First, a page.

October 31, 2020
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Not Nepotism But An Ailing Mental Health Care System At Fault For Sushant Singh Rajput’s Death

Within the realms of this TRP-driven dizzying debate, we have managed to avoid delving into the core issue behind Sushant Singh Rajput's death: the sheer inadequate social and medical infrastructure.

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Not Nepotism But An Ailing Mental Health Care System At Fault For Sushant Singh Rajput’s Death
Not Nepotism But An Ailing Mental Health Care System At Fault For Sushant Singh Rajput’s Death
outlookindia.com
2020-07-25T17:40:18+05:30

It’s been almost six weeks since there was a “death by suicide” a couple of kilometers away from our home in Bandra. The passing of Sushant Singh Rajput, who by all accounts was a bright, talented and an accomplished actor, has sent the nation spinning into all kinds of debates on bullying, alienation and nepotism. However, within the realms of this TRP-driven dizzying debate, we have managed to avoid delving into the core issue behind his death: the sheer inadequate social and medical infrastructure which his reality inadvertently became defined by. The puncture in his “safety net” within his internal and external frameworks ultimately let him down when grappling with the clinical severity of major depressive disorder in his most pressing hour.

The sound of traffic is as soft as the waves at the Bandstand promenade under the ominous, invisible veil of Covid-19. The signature ledge usually scattered with a cascade of monsoon lovers dipping into deep-toned umbrellas is barren and empty. In fact, it seems as though there are no lovers nor does it feel like there is any love period. In a parched world where it felt like love had permanently died, we woke up on a Sunday to find that this actor was hanging from a ceiling fan. We were shocked yet anaesthetized to “death” as a concept from already living in a dystopian reality show for three months. So, we went about the usual fiddling with our masks and gloves and buying vegetables like robots on a Sunday. We then went home and watched news reports and footage of Sushant’s Bandra perfect flat on our phones, a paradise that looked like it could be from any big city gone terribly wrong.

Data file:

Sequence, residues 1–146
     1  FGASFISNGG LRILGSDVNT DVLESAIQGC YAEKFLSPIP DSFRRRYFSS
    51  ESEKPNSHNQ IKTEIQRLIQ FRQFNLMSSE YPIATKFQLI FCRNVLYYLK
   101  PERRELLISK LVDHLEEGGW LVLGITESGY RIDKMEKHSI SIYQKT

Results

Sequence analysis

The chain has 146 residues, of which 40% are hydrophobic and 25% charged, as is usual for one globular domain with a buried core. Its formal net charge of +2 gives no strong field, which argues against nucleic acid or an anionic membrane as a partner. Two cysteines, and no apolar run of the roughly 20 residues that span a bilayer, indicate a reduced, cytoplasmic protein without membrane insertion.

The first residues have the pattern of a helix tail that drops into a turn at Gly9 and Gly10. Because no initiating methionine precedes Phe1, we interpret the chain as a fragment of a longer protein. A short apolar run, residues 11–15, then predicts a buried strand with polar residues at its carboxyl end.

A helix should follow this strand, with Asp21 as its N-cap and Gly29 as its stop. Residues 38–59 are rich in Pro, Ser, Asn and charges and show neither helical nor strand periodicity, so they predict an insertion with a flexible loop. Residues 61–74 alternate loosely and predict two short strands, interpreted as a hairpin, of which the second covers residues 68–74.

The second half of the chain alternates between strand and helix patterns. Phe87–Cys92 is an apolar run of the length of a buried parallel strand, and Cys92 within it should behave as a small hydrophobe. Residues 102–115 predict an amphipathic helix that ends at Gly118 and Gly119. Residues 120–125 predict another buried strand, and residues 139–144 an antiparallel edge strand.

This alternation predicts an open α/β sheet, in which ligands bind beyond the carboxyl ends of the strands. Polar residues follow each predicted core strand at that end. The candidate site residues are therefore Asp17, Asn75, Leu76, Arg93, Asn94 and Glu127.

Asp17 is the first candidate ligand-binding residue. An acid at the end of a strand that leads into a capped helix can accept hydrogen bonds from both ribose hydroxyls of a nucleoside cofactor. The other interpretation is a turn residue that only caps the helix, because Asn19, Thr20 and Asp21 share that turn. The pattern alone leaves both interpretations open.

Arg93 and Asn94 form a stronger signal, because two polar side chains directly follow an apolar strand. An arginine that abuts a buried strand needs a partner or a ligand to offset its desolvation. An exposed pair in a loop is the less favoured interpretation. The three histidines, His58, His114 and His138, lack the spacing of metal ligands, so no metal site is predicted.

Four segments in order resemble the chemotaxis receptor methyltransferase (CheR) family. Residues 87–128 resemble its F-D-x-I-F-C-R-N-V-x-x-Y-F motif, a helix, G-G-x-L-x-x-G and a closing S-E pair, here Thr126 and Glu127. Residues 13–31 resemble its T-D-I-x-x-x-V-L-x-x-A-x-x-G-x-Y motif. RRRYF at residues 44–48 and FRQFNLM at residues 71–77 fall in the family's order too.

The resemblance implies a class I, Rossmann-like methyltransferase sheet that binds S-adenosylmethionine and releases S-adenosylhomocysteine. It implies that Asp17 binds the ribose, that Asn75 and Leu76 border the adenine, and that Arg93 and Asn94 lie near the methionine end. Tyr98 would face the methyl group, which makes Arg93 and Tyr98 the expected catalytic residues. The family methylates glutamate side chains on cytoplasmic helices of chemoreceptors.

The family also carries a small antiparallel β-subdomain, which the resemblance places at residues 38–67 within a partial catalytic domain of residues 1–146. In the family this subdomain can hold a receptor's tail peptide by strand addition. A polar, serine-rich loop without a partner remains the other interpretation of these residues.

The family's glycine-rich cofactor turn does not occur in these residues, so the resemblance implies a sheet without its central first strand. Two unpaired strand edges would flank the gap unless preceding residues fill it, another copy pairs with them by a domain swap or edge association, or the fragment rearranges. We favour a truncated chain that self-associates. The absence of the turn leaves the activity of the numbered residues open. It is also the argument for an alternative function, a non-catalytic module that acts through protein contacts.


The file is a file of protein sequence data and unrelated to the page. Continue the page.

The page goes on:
Weeks later, the ongoing fiery debate on nepotism continues with a certain literati at the forefront shouting out the so-called barriers to access of Bollywood’s invisible gates, calling it “elitism” while carefully protecting their own coveted circles because those don’t count, of course. An actress perennially motivated to exploit every moment for a few extra points blames everyone under the sun for Sushant’s demise but then mysteriously goes silent and under cover in Manali when the Mumbai Police send her an official notice for questioning. The wild goose continues to be fueled by a TV anchor whose counter conspiracy theory gives fodder for a Mumbai version of “Delhi Crime”. Suddenly, the Mumbai Police has a new glam quotient—a likely pleasant distraction from the mundane “Covid busting” and patrolling of Covid car checkpoints at various corners of the city.

“He was lonely,” people said of Sushant over the past few weeks. Yes, but how is “lonely” prohibitive? Lonely, during this harshest lockdown by global standards, for this creative, restless soul didn’t quite pan out the way he thought it would. Lonely, during this lockdown for Sushant and many living alone might have meant a time of less human contact with fewer pats, lesser eye contacts or perhaps no physical contact period, which would further deplete already challenged serotonin, oxytocin and dopamine levels.

In the face of India not having an efficient “911” dial in equivalent for emergency medical needs, it’s somewhere more evident that this actor didn’t have a “buddy system” that he could rely upon. Forget 4 am, he didn’t have a Sunday mid-day friend he felt safe enough to call to help rescue him from the acute and piercing heartache that was inevitably screaming its loudest to triumph over his sense of hopelessness. Or maybe he called and no one picked up. In the Hollywood film “Sylvia”, a biopic on the brilliant contemporary American writer “Sylvia Plath”, there’s a scene where Gwenyth Paltrow depicts the writer as having run out of the house in the dead of winter to try to make that one proverbial last call for help from a pay phone. The call never connects. She runs back into her home and sticks her head into her oven and burns to death leaving her toddler children alone at home.

At the time of writing this article, I googled “suicide lines in Mumbai”. I found three numbers that were listed. But none of them worked. Perhaps others exist but in that Sylvia Plath like moment – only decades later for Sushant – it was likely just that one call he needed.